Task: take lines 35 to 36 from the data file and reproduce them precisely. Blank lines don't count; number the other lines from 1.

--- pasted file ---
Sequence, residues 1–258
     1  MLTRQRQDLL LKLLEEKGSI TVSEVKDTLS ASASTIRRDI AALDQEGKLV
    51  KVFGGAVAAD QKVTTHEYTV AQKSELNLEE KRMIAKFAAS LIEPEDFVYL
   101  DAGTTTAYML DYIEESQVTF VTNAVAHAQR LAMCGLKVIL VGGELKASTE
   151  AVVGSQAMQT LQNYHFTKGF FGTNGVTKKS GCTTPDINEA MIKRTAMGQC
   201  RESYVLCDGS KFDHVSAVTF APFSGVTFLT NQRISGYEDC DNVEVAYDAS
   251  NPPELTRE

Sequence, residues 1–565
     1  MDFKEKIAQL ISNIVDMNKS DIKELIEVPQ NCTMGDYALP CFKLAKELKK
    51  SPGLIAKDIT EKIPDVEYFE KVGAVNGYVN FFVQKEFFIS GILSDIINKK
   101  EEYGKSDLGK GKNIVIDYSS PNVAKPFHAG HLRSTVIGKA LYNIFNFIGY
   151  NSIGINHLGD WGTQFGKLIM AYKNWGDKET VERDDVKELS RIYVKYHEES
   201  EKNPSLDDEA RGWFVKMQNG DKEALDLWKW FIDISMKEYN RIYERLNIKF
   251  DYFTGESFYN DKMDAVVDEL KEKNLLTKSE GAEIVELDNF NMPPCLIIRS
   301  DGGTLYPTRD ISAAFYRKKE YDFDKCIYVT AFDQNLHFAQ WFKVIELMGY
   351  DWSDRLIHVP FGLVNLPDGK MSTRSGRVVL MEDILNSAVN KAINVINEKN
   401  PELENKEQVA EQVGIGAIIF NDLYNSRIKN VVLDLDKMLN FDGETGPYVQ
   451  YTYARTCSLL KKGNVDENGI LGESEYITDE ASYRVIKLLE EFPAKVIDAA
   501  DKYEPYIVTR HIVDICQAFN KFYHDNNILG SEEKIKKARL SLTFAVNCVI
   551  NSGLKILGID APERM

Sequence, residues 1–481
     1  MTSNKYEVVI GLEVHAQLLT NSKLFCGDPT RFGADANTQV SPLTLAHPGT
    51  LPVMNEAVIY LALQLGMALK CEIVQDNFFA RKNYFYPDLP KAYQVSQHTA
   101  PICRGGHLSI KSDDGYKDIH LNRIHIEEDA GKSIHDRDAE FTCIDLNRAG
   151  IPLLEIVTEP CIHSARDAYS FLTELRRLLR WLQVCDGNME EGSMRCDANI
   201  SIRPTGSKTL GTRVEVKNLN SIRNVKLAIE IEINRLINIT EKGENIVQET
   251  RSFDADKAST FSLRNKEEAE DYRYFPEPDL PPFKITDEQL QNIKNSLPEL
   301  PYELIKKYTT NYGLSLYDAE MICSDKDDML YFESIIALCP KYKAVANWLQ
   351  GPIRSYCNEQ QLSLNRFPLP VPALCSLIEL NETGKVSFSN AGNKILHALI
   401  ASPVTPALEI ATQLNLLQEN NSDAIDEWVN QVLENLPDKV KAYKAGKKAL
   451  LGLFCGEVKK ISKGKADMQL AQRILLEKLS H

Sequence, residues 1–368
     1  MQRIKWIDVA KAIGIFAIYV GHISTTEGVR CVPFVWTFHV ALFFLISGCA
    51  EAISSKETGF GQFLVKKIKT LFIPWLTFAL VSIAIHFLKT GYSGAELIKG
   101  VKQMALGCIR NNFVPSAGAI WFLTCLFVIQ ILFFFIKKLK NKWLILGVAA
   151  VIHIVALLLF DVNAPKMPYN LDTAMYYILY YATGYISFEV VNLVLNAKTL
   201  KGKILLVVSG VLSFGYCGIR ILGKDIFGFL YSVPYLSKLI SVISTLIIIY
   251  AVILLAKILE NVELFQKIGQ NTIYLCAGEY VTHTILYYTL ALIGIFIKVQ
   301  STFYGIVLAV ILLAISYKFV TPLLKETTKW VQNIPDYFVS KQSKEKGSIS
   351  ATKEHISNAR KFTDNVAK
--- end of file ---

   101  VKQMALGCIR NNFVPSAGAI WFLTCLFVIQ ILFFFIKKLK NKWLILGVAA
   151  VIHIVALLLF DVNAPKMPYN LDTAMYYILY YATGYISFEV VNLVLNAKTL